Sportsball... Sportsball everywhere!


I like to go and take a hike,
and sometimes go and ride a bike,
And though I do not fish for pike,
It’s sportsball that I do not like.

I do not like it on a hat,
Nor tattooed boldly on my cat,
And if I owned a sportsball jacket,
Into the trash I would pack it!

When I go to cast my ballot,
A horrid taste forms on my pallet,
Who there dares to go beg for money?
Rich sportsball pricks and it’s not funny.

And when the people pay their bond,
How do these ingrates then respond?
They move their teams and thus abscond
with peoples’ taxes far beyond.

And at the start of sportsball season,
Most people seem to loose their reason,
Because they fear to dream or think,
They fish used sportballs from the drink.

I find it sad that thought reform
has always been our culture’s norm,
Just watch the fans and soon you’ll know
that sportsball is just mind control.

And if this screed leaves you irate,
A sportsball fan I irritate,
Then keep on cheering corporate theft
and sportsball will be all that’s left.


Corporate Shuttle

To breathe is to suffer always said father.
Now that I’m him
this dull malaise kicks me
like the morning coffee.

Sitting on this asphalt ribbon to nowhere,
this bus is full of mistakes;
Together and silent,
Parched for sleep, we all sing this hymn:
We didn’t consent to this,
We never wanted to breathe.


Listing the Current Branches of Multiple Git Repositories Under a Singe Parent Directory Using Bash

440px-strom_roka_borovica_velke_borove_03An interesting problem came up a work where I am maintaining a couple of legacy enterprise applications written in PHP. These applications were first developed over a decade ago and the version control was originally managed in SVN. Later they were moved to Git. I do not know the full reason why, though I have a theory, but both applications break down into multiple components, each of which is managed in a separate Git repository. This isn’t a huge issue, but it does create headaches when working on multiple tickets that impact multiple components. I want to make my changes for each ticket on a new Git branch for that ticket while leaving unmodified components on their master branch in Git. Unfortunately, there isn’t an easy solution to figure out what branch each Git repository is pointed at, a problem when there are perhaps ten separate repositories that all interact with each other.

Anyhow, yesterday I wrote a Bash script to address the issue, so I can now get a quick summary of what branch each repository is currently pointed at. Since writing the Bash script took a bit of research, trial and error (as Bash does), and was generally a bit of a pain in the ass (as Bash scripting is), I figured I’d publish my Bash script so that someone else out there might benefit from what otherwise would be a single use tool written for myself, and possibly a few interested team members working with these clusters of Git repos.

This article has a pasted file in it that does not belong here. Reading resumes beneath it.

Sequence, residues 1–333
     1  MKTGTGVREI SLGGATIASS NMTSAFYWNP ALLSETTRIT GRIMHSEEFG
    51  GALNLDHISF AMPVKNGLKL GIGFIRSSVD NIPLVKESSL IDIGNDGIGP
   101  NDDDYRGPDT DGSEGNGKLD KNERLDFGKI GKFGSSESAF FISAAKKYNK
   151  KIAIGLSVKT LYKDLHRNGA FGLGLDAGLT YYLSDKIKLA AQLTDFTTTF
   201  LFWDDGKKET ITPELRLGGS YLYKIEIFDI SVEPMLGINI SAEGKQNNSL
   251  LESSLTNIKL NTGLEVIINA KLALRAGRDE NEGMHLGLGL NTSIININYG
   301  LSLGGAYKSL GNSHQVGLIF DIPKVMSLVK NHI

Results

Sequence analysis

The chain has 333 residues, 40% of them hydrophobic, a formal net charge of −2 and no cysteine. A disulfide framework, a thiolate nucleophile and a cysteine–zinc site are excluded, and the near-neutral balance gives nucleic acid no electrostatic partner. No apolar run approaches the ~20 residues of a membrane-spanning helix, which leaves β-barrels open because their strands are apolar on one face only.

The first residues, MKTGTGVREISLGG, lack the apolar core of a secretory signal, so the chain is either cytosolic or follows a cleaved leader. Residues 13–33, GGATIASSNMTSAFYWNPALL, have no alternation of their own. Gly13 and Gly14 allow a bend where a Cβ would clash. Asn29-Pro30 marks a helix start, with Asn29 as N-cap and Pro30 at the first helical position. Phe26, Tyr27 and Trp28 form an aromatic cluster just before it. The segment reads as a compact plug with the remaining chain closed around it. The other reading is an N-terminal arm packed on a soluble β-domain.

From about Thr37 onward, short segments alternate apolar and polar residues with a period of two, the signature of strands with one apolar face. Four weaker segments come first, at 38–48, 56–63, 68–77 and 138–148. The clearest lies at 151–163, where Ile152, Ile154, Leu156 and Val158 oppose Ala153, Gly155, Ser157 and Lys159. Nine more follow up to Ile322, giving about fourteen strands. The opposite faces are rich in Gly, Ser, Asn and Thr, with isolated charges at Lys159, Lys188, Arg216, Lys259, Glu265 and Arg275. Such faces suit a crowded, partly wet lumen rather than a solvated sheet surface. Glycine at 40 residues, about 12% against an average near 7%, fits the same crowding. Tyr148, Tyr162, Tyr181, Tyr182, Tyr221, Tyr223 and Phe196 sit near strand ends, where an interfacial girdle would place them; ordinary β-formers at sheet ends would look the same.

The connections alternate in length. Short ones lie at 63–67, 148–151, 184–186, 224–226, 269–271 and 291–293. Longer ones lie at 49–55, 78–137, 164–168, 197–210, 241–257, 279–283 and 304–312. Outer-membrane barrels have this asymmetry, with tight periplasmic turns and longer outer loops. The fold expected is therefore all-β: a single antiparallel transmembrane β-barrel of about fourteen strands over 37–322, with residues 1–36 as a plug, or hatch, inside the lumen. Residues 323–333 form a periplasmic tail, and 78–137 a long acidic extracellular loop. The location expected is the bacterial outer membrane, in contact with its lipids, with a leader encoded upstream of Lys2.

# Get all the repo paths for opsdb and store them in an array.
while IFS= read -r -d $'\0'; do
done < <(find ${app_path} -maxdepth 1 -mindepth 1 -type d -print0)

#echo ${#repo_paths[@]} # DEBUG Print the legth of the arrray.

# For each array, write the path and output the current branch.
for component_path in ${repo_paths[@]}; do
    echo -n "${component_path}: "
    git --git-dir=${component_path}/.git --work-tree=${component_path} rev-parse --abbrev-ref HEAD

SSHFS on OS X via Fuse and the Horrible Dot Underscore Turd Files

Once again, I have been issued a Mac to do development work, and as usual everything unixish on OS X almost works. To my delight, when faced with having to code against a Linux environment that I access via SSH, I found that since I last faced this situation, someone had made and is maintaining a port of Fuse for OS X with easy support for SSHFS. This discovery was a really great way to start the morning. I downloaded the installers, ran them, wrote my script to mount my remote machine to my filesystem, and had it working by the time I finished my first cup of coffee. Kudos to the team who maintain that port!

Of course, with the OS X filesystem in the mix, network attached filesystems never just work the way you want them to. In this case, the problem I ran into was the presence of files beginning with ._ the moment I created a new file in my repository and ran git status. I’ve seen these before. They pollute the files of most every filesystem ever touched remotely by a Mac, and they are totally invisible to the Mac user. They are used to store metadata for OS X, and are totally useless for any other computer. One Stack Overflow commenter deemed these dot underscore files “turd files”, which I consider an apt description. Apple calls the double underscore files “Apple Double” files. Whatever you want to call them, when being introduced into a client’s code repository on a Linux OS, these files beginning with ._ are turds and I want to prevent them from ever being created on my remote system.